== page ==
If you’re not convinced by wikipedia that too much fibrin is bad news, plenty of other good sources for information are out there, including pubmed.  Just do a quick google search on fibrin.

Hodgkin’s Disease: “Fibrin deposits were observed in the involved lymph nodes and/or spleens of 15 patients with Hodgkin’s disease by specific immunofluorescence and by electron microscopy. Two basic patterns of fibrin deposition were observed: 1) intercellular deposits, chiefly associated with nonneoplastic-appearing lymphoid cells and 2) deposits associated with the collagen fibers of young connective tissue. In addition, coarse fibrin deposits were observed in areas of necrosis, presumably a non-specific finding. Fibronectin was also observed in intercellular areas, but staining was less intense than for fibrin. Fibrin deposits were also observed in 3 of 6 cases of non-Hodgkin’s lymphoma, indicating that the finding is not an exclusive feature of Hodgkin’s disease. The pathogenesis and possible significance of fibrin deposition in Hodgkin’s disease are related to earlier observations of activation of the coagulation system on neoplasia and cell-mediated immunity and to the possible role of fibrin, fibronectin, and their breakdown products in angiogenesis and fibroplasia.”-pubmed

Multiple Sclerosis: “Tissue plasminogen activator (tPA), a neuronal as well as the key fibrinolytic enzyme, is found concentrated on demyelinated axons in multiple sclerosis lesions together with fibrin(ogen) deposits. The decreased tPA activity in normal-appearing white and grey matter and lesions of multiple sclerosis is reflected in diminished fibrinolysis as measured by a clot lysis assay. Nonetheless, peptide products of fibrin, including D-dimer, accumulate on demyelinated axons-the result of fibrinogen entry through a compromised blood-brain barrier (BBB). Analysis of tissue samples on reducing and non-reducing polyacrylamide gels demonstrates complexes of tPA with plasminogen activator inhibitor-1 (PAI-1) but not with neuroserpin, a tPA-specific inhibitor concentrated in grey matter. As total tPA protein remains unchanged in acute lesions and the concentration of PAI-1 rises several fold, complex formation is a probable cause of the impaired fibrinolysis. Although the tPA-plasmin cascade promotes neurodegeneration in excitotoxin-induced neuronal death, in inflammatory conditions with BBB disruption it has been demonstrated to have a protective role in removing fibrin, which exacerbates axonal injury. The impaired fibrinolytic capacity resulting from increased PAI-1 synthesis and complex formation with tPA, which is detectable prior to lesion formation, therefore has the potential to contribute to axonal damage in multiple sclerosis.”-pubmed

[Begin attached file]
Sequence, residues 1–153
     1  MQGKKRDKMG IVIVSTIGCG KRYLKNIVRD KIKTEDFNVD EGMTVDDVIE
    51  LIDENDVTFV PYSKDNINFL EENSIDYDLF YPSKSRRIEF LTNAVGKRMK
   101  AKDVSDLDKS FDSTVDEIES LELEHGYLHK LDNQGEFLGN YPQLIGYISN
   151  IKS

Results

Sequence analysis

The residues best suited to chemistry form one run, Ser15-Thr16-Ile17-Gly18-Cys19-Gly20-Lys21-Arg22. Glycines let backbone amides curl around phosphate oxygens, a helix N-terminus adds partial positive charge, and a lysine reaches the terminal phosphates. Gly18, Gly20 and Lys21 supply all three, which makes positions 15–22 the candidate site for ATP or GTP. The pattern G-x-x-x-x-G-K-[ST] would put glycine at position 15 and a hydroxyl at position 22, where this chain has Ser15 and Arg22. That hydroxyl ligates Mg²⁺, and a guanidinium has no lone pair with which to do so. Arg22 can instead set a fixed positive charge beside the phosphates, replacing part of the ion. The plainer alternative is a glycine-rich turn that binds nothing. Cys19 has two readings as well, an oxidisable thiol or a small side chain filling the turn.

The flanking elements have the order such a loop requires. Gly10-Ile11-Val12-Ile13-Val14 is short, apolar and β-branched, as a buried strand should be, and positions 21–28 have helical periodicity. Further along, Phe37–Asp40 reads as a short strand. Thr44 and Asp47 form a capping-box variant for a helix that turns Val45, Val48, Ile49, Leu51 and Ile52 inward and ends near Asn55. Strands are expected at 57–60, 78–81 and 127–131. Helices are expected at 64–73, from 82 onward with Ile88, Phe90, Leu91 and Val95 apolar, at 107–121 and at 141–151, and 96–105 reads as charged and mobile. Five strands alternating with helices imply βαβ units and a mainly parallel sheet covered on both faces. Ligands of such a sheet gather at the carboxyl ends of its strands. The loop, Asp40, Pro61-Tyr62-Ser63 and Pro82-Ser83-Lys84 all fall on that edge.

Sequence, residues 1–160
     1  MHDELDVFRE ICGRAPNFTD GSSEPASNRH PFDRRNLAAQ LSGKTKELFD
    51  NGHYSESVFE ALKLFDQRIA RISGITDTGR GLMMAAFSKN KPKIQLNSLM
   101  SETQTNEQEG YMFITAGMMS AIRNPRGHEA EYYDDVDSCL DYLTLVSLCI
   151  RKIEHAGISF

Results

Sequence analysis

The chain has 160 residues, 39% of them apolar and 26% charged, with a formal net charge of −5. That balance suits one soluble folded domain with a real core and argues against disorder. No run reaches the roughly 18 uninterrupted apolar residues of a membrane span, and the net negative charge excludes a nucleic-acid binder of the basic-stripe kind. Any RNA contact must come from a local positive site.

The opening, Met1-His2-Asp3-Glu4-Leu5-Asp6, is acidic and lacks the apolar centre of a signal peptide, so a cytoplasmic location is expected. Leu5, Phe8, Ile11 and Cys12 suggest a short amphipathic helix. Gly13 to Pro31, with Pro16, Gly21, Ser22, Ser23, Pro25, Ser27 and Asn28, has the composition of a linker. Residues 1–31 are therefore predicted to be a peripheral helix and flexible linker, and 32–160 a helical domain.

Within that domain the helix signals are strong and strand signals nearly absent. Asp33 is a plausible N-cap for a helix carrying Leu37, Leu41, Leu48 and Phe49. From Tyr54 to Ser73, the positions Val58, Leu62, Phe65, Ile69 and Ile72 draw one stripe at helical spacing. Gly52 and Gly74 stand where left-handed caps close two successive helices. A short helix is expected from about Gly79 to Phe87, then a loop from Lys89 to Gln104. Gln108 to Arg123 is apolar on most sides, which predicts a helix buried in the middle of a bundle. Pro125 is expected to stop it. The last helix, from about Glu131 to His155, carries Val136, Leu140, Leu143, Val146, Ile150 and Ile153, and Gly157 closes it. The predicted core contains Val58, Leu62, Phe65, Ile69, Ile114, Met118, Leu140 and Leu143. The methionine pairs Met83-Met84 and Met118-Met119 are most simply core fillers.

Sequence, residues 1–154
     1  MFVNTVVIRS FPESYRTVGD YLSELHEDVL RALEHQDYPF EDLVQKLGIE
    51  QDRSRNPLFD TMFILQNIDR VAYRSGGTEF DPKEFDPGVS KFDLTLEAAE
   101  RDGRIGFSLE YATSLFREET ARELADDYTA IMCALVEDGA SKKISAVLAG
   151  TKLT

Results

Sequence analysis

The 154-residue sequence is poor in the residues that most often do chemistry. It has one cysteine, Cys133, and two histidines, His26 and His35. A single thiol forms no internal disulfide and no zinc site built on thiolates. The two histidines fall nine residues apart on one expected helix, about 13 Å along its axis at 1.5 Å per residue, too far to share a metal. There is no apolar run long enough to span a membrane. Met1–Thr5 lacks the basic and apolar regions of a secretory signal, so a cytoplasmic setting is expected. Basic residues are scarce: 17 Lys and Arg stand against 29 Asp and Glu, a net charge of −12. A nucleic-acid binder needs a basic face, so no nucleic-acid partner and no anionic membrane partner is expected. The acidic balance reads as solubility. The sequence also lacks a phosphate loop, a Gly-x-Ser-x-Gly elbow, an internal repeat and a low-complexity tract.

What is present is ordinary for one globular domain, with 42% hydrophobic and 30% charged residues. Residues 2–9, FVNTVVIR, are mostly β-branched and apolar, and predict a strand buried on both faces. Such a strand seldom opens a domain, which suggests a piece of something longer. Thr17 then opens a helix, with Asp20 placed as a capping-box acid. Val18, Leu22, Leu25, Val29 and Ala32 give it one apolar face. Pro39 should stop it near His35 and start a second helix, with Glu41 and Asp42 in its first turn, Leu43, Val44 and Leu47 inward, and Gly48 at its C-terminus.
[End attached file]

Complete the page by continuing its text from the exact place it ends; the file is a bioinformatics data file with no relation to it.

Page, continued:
Since most of us are never ordered a fibrinogen test from the doctor, then my best assumption is that any tests that show an elevation of inflammation, would therefore mean that there is too much fibrin in the blood.  As you can see, too much fibrin results in inflammation and can lead to disease.  The only therapies that I know of that reduce fibrin are enzymatic therapies, which is why I take serrapeptase.   I prefer brands that are enterically coated.  Feel free to share your fibrin story.

Accupuncture Visits for Rheumatoid Arthritis

I admit it, I’ve done a terrible job keeping up with posts on how acupuncture is going for me.  So rather than waiting to write a post where I tell you exactly how many visits I’ve had and what’s happened at each one, etc., I’m just going to take the easy road and make it simple.  I’ve gone to every Saturday appointment except for two and last Saturday I got a parking ticket….so much for letting that relaxed feeling linger……

I can tell you that whenever I do go in for acupuncture, I get a flare during the visit.  You might think that sounds terrible, but to me I think of it as progress.  Anything natural will make you flare up, it’s just part of the process.  And that’s the hardest part really, is how to tell the difference between something that is making you worse or something that is making you better when they both have the same reactions.  This excludes immune suppressive drugs because they work entirely differently.

Within an hour usually, my flare subsides and lately I feel fairly great for a few days before the inflammation comes back to its normal state.  I would definitely say the acupuncture is making a positive difference, however it’s very slight.  I’ve decided to keep going however, based on theory.  So here are my theories on why I should keep going to acupuncture: